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RE: Current Shunts

Original poster: "Steve Conner" <steve.conner@xxxxxxxxxxx>

>They have other shunts for the same price , but this is what we nead for TC

I know this is just going to start a debate. I think current shunts have
their place for driving a meter to read DC bus current in SSTCs and
spark-gap DC coils. But I would _never_ use one for looking at TC primary
current with a scope. Hell would freeze over, the sun would rise at
midnight, and Michael Moore would be President before I even thought about
it. I would always use a ferrite cored current transformer or a Rogowski

The reason is that these can be electrically isolated from the circuit that
you're measuring. You can wind the primary with thick HV cable. They can
even be Faraday shielded to screen out noise. On the other hand a current
shunt has to connect straight to the power circuit and then you're trying to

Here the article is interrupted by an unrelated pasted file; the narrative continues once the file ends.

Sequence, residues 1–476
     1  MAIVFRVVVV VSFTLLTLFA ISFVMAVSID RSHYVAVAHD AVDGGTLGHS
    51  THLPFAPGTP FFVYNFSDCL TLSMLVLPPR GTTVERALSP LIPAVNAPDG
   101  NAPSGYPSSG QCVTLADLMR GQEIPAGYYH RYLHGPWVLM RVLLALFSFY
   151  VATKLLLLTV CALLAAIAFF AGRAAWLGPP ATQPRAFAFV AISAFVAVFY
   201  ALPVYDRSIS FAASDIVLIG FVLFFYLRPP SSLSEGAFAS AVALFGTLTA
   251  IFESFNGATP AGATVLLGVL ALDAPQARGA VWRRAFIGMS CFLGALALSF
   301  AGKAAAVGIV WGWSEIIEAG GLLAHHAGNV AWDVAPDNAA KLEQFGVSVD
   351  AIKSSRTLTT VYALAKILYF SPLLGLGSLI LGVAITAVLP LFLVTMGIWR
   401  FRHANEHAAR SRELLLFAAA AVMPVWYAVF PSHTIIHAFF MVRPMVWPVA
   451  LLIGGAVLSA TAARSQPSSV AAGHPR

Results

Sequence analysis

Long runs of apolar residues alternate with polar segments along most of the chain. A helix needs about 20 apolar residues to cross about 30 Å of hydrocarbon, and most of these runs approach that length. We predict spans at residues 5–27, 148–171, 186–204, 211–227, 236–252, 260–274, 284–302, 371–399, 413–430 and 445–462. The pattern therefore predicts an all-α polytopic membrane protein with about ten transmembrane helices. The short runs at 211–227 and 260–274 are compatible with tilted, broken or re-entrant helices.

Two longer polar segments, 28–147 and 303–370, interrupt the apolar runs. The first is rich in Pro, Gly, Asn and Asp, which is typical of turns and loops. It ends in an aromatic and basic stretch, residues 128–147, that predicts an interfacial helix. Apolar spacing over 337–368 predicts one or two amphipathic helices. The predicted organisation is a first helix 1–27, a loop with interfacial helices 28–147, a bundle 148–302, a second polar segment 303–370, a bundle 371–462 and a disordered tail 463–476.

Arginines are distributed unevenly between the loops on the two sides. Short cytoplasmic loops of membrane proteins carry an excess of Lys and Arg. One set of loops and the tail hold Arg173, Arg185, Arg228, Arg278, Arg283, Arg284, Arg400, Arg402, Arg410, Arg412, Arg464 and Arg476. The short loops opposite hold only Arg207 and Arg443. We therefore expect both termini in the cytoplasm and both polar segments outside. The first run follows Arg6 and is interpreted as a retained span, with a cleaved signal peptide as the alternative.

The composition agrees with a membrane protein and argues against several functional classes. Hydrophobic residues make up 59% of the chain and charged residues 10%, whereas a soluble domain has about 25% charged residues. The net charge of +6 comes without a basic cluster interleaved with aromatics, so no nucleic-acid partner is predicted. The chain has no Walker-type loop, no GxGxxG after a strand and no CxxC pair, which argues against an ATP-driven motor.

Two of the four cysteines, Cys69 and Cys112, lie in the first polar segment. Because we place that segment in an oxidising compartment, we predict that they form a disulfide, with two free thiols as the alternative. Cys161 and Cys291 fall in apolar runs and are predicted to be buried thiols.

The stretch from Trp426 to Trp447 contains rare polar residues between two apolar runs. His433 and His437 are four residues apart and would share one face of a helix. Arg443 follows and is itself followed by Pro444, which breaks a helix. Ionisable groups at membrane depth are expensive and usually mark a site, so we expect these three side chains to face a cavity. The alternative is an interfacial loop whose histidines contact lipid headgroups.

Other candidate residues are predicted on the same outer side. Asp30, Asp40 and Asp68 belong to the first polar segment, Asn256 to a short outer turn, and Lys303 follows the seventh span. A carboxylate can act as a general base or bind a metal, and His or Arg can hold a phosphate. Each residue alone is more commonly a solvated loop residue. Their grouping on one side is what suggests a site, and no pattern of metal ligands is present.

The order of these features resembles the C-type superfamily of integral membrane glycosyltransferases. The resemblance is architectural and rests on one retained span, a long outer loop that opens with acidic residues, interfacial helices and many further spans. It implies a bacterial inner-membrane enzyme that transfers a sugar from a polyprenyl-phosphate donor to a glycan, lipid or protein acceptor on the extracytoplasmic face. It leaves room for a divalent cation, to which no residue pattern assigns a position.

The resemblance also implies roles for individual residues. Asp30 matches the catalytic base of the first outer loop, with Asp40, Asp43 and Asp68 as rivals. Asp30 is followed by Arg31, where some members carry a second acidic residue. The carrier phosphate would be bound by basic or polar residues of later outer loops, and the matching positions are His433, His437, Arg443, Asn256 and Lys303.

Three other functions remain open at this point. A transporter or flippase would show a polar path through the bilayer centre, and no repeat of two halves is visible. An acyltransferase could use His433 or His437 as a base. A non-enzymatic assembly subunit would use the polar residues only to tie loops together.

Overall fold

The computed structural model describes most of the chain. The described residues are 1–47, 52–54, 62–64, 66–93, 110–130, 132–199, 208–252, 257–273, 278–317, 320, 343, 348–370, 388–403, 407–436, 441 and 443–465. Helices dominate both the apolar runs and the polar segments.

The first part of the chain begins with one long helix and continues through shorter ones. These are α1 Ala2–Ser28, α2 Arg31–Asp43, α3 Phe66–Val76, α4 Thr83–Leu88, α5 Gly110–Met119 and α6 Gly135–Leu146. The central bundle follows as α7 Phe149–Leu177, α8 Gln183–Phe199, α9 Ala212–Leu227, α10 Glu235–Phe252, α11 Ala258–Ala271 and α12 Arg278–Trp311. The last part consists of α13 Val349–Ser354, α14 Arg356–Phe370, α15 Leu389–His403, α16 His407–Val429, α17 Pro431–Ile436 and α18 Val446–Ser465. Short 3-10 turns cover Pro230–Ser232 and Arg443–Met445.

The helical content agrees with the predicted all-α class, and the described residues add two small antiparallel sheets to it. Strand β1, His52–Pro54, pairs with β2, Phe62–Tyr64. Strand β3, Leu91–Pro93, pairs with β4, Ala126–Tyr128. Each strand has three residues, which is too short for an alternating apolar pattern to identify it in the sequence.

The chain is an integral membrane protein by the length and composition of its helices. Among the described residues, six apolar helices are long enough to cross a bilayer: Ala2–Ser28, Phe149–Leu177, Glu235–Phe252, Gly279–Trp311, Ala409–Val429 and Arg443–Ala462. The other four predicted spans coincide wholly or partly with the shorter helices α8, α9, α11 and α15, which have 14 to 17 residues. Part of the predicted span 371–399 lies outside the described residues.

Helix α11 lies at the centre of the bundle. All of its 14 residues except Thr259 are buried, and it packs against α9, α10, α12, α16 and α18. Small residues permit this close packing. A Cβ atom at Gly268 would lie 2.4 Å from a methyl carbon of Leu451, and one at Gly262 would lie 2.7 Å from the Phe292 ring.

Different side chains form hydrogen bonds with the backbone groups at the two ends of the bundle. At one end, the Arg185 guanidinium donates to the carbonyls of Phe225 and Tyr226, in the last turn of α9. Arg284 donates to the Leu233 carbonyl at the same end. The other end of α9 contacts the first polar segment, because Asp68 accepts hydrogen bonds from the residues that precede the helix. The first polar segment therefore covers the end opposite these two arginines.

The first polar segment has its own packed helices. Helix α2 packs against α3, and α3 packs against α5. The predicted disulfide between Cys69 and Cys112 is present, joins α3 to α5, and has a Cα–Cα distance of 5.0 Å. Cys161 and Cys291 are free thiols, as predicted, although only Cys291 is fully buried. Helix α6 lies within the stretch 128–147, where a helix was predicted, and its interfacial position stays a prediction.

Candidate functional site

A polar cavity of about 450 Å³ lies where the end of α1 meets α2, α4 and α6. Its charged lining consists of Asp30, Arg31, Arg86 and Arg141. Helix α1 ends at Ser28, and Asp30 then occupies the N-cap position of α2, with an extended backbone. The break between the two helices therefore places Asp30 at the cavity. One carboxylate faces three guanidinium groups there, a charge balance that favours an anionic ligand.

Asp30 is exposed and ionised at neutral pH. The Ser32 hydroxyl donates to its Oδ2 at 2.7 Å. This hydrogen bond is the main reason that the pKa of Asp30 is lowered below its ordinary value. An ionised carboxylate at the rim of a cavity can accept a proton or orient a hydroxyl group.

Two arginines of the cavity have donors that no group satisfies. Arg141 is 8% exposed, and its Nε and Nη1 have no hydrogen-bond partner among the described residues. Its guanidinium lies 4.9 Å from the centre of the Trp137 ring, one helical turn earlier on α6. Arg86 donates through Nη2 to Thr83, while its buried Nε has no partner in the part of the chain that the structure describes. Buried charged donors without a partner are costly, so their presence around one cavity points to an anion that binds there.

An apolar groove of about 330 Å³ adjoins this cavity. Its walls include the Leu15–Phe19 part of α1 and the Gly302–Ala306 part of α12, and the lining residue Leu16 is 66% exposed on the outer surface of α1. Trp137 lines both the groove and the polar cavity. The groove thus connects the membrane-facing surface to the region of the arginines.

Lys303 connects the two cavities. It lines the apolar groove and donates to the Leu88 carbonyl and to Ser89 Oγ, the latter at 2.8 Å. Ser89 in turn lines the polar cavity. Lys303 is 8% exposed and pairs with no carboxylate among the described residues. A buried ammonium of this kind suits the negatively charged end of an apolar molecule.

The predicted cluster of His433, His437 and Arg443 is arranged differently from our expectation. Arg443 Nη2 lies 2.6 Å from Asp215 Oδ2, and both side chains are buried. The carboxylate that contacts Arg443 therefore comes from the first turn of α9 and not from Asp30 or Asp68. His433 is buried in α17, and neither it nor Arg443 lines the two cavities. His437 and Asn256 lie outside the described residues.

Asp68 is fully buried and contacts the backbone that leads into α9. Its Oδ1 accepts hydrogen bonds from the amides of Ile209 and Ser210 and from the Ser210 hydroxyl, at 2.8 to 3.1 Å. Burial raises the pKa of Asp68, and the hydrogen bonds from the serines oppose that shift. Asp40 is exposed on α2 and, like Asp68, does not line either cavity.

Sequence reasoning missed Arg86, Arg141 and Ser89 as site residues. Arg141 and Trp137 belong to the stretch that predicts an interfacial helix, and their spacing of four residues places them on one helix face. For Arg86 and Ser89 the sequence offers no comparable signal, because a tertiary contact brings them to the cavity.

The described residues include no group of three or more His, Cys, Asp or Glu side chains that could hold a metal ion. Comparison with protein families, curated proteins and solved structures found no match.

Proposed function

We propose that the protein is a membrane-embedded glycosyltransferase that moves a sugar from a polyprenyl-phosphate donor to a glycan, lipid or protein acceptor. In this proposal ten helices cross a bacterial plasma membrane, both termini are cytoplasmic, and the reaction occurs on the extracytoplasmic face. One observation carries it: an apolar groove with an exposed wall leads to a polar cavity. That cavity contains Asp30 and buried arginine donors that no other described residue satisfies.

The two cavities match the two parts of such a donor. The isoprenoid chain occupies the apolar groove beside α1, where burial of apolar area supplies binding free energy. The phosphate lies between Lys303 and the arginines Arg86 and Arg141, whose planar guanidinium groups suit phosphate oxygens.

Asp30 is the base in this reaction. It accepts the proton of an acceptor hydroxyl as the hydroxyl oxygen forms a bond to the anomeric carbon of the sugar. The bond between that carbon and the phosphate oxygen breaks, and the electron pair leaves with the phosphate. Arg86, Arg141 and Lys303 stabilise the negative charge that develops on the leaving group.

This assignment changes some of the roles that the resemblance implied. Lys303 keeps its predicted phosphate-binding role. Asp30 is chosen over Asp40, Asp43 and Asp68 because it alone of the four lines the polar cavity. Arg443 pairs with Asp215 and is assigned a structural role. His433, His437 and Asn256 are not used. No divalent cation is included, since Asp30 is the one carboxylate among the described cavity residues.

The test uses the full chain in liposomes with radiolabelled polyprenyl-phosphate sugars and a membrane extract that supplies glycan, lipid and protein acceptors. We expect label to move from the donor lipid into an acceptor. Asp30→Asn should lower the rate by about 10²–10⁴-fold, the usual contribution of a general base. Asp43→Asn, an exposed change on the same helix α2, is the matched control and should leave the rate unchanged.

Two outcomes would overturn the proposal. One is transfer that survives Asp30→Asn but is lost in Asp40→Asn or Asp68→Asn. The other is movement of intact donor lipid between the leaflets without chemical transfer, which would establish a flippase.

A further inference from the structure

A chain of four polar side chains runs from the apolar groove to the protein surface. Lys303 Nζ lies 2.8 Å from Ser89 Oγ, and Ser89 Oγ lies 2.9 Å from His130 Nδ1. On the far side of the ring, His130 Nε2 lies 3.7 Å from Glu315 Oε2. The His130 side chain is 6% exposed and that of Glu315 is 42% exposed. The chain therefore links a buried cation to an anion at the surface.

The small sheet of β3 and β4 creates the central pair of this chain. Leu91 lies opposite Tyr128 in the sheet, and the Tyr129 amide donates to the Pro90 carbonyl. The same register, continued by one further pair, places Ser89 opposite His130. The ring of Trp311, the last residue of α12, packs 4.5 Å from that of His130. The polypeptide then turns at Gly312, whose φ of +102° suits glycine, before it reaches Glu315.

separate about 1 to 10 volts of wanted signal from a 400 volt high frequency
unwanted signal. ("common mode" is the EE jargon term for this unwanted

And that's in a SSTC. In a spark gap TC that 400V common mode signal is
nearer 15,000V. Unless you're lucky enough to have a power supply (like a
pole pig or potential transformer) where the end of the circuit containing
the shunt can be grounded.

I'm sure it can be done. I have seen researchers at the university use a
special custom shunt to measure 10,000 amp simulated lightning discharges.
(And I seem to remember they couldn't get an accurate signal because of
common mode effects) But for measuring TC primary currents it's so much
easier to throw some left over secondary wire round a piece of plastic
tubing or ferrite ring.

Steve C.